entry was made in the medical notes at 15.00hrs on 20 October 2000,
“Following a meeting with the consultants at
GOS, it was agreed that over the weekend the CPAP should be weaned off and they will come and assess the baby on Monday.”
decision at 15.00hrs on 20 October 2000 for the CPAP to be weaned off after a decision was made for “Do Not Resuscitate”
confirms that the Emergency Protection Order was taken out by the doctors for the doctors to assume the power of the High
Court to implement the “allow to die” decision in the parents absence and against their wishes.
18.00hrs, on 20 October 2000, Sunaina’s aunt, Neelu Chaudhari, a pharmacist, asked the Consultant, “Are you trying
to kill this baby?”. The Consultant did not answer, smiled, lowered his head and left the cubicle.
18.49, unknown to the family, a fax was obtained by King George Hospital from five intensivists of Great Ormond Street Hospital
recommending palliative care, withholding and withdrawing treatment and “Do Not Resuscitate” against the wishes
of the parents. The letter recommended that it was in Sunaina’s best interests be allowed to die and doctors seek
Judicial review but this advice was not followed.
Doctors and social workers obtained an Emergency Protection
Order against the parents and aunt, preventing them from being with Sunaina in hospital, preventing them visiting Sunaina
in hospital, preventing Sunaina leaving hospital, preventing Sunaina going home. The EPO was used unlawfully to deny
visits by all other family members who were not named on the EPO, to see Sunaina in hospital in the last six days of her life,
including Sunaina’s three cousins, two grandparents and another aunt.
An entry in Sunaina’s medical
file at 24.55hrs on 21/10/00
“Discussion with Teresa Walsh Jones, Head of Social Work Child Protection Team.
Emergency child protection order to be served, agreed restricted visiting time to be between hours of 10-12.00 hours and 18.00
to 20.00 hours
In the event of Sunaina’s condition deteriorating at any time Paul McCarthy, principle officer
for social work services to be contacted”
Ranitidine was continued without monitoring levels for overdose
until 24 October 2000.
A fax dated 20 October 2000 from five intensivists from Great Ormond Street
Hospital, recommending that it was in Sunaina’s best interests
to be allowed to die in the parent’s absence and against their wishes recommended an application to the High Court for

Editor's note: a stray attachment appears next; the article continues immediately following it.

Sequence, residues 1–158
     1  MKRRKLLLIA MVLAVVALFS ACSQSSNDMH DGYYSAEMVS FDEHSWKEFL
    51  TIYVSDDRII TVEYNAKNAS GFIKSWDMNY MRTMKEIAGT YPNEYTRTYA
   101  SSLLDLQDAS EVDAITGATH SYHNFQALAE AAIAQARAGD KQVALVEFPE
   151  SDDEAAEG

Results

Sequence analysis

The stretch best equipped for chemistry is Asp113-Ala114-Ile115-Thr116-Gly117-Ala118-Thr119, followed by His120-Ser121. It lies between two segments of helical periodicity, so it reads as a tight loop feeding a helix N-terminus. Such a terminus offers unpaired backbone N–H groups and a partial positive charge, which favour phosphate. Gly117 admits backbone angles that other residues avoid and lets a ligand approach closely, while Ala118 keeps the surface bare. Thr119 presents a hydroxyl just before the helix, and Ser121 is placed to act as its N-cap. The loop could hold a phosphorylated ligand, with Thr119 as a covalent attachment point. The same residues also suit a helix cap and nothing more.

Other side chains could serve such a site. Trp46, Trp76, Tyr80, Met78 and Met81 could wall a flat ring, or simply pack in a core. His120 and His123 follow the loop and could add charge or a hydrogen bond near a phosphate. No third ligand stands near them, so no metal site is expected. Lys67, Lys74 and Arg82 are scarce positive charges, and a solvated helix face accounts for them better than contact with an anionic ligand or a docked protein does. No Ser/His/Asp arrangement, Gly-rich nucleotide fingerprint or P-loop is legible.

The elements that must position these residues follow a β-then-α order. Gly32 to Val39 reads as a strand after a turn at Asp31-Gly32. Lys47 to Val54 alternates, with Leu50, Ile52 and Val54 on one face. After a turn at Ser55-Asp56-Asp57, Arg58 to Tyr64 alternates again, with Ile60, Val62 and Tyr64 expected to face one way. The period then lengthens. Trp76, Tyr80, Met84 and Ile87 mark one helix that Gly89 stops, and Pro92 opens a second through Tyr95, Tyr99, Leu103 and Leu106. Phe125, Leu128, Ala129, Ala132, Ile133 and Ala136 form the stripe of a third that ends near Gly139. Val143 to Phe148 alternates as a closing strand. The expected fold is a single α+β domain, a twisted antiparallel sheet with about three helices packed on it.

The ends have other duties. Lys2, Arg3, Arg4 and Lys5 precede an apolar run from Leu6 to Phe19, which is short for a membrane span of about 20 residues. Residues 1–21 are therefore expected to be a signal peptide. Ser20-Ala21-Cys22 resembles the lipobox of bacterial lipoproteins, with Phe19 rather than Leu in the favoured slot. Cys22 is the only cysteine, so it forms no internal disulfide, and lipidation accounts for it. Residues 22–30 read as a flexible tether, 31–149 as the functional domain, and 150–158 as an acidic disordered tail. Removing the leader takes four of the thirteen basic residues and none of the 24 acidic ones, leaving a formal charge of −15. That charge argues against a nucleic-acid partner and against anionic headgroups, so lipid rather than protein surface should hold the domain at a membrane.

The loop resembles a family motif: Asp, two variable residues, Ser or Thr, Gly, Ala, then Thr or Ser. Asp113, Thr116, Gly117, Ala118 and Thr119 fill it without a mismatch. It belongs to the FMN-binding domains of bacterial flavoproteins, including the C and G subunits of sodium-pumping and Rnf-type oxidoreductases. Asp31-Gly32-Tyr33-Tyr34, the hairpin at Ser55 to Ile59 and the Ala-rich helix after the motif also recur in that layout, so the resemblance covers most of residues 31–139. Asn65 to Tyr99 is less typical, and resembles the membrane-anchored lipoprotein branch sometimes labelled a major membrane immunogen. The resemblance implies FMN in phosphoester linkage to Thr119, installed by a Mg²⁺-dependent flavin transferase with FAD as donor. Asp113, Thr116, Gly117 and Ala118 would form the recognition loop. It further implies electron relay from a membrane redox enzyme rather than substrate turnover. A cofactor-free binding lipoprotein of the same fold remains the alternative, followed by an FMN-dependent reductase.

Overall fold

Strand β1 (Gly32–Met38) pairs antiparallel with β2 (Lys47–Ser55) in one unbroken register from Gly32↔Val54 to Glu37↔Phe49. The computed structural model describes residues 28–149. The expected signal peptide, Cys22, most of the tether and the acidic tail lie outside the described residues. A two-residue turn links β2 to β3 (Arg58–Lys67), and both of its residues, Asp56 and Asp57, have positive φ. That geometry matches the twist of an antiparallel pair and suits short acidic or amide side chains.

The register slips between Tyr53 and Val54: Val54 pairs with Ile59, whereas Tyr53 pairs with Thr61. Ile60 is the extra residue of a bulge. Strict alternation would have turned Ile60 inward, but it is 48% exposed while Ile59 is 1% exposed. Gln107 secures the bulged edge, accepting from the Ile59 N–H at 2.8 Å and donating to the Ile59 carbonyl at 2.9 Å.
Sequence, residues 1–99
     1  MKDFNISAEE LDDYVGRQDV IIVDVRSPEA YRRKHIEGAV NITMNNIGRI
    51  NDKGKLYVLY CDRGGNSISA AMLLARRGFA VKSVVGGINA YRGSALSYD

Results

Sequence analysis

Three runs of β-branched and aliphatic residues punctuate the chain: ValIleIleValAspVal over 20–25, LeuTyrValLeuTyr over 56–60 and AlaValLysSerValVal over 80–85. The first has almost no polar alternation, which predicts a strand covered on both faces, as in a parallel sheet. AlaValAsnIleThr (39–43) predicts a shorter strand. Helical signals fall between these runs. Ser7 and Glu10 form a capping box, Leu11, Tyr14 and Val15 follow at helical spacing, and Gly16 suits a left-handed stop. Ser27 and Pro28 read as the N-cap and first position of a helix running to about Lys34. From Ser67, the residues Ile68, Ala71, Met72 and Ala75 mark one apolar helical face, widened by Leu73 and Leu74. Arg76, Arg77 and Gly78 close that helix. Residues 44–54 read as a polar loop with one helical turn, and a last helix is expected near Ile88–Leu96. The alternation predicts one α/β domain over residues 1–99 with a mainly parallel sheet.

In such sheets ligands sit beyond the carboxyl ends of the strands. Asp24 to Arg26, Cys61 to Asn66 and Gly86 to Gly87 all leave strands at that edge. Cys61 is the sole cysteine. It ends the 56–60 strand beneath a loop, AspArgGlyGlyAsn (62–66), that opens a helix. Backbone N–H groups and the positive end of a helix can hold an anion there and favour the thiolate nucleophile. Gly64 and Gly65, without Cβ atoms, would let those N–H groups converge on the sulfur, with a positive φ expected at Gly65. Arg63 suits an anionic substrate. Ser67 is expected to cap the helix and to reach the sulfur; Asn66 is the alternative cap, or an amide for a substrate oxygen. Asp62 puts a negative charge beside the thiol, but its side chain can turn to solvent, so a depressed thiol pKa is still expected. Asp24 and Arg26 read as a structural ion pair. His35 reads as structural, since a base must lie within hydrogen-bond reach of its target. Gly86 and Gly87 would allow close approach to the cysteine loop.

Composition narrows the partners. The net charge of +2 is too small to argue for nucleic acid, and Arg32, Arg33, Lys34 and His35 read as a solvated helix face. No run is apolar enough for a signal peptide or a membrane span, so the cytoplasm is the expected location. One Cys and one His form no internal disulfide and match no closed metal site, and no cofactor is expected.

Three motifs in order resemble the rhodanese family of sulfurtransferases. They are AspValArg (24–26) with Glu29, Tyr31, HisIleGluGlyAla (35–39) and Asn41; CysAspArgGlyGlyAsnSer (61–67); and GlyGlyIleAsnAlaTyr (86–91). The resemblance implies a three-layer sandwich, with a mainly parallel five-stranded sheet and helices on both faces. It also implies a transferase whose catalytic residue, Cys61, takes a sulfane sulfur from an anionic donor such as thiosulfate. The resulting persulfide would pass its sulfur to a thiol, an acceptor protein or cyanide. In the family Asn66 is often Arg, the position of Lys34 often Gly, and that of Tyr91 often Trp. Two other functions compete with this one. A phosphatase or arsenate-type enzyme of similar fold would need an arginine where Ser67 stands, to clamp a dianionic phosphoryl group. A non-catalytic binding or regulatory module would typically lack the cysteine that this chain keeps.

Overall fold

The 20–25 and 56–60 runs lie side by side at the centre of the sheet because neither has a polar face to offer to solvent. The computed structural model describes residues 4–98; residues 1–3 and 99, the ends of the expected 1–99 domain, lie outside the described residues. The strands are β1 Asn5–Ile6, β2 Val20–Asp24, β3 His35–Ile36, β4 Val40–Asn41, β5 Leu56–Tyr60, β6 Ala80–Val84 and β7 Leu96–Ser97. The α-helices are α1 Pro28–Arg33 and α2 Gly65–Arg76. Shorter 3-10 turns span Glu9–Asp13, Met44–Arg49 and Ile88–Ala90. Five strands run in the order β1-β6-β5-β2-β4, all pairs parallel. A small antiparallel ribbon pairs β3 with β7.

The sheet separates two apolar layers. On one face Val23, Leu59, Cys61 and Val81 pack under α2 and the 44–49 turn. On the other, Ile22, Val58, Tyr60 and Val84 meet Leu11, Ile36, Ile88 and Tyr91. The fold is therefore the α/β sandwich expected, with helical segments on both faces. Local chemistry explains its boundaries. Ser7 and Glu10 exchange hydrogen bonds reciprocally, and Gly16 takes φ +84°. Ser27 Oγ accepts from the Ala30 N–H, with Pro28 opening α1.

judicial review. But no application was made to the High Court. Instead, an application was made in the Family Proceedings
court to put Sunaina in the care of Social Services, under Police protection whilst she continued to be administered ranitidine
drug overdoses and deprived of oxygen. Family members were to be arrested if they tried to visit Sunaina in hospital:-
entry on 01.15hrs on 21/10/00 confirms that Sadhana was removed from her baby’s cubicle by Police officers, Child protection
officer and social worker early on a Saturday:-
“Emergency Protection Order served on Mrs Chaudhari in
the presence of two Police Officers by Teresa Walsh Jones and Maria Murphy. Mrs Chaudhari spoken to at length by Teresa
Walsh Jones. Attempts by Social Services to get transport for Mrs Chaudhari to go home from family members was unsuccessful.
Chaudhari’s property packed by staff and given to Teresa.
1) Hourly record
of observations of Sunaina whilst on CPAP
2) Any deterioration in Sunaina’s condition
McCarthy must be contacted on previous number.
If any relatives or visitors attend the hospital premises, once asked to
leave, should they refuse, Police must be called.
On 21 October 2000, Neelu Chaudhari reported to Police that
doctors had taken out the ex-parte protection order to deny family visits to hospital and to isolate Sunaina in hospital to
English law under the Children’s Act at the time prevented the family from appealing to the Emergency
Protection Order until after a period of several days.
On 24 October 2000, parents met with social workers and
warned them that the ex-parte emergency protection order had been taken out to deny family protection to enable the doctors
to isolate Sunaina in hospital to kill her.
On 25 October 2000, a Care Plan was drawn by a hospital consultant
recommending that baby was to go home on low flow oxygen and she was to be reviewed in clinic in 4 weeks time. E009
26 October 2000, the family was in court to overturn the protection Order. At 11.05hrs they were informed in court
by a consultant “baby died this morning”.
Family immediately reported to Police that baby had been
murdered by hospital doctors.
The family found massive evidence of an unnatural death when they tried
to resuscitate Sunaina in the cubicle. Baby was found with seven needle marks, including one in the neck, which was
omitted from both post-mortems. Baby was found with a large volume of milk in her lungs, mouth and nose, which gurgled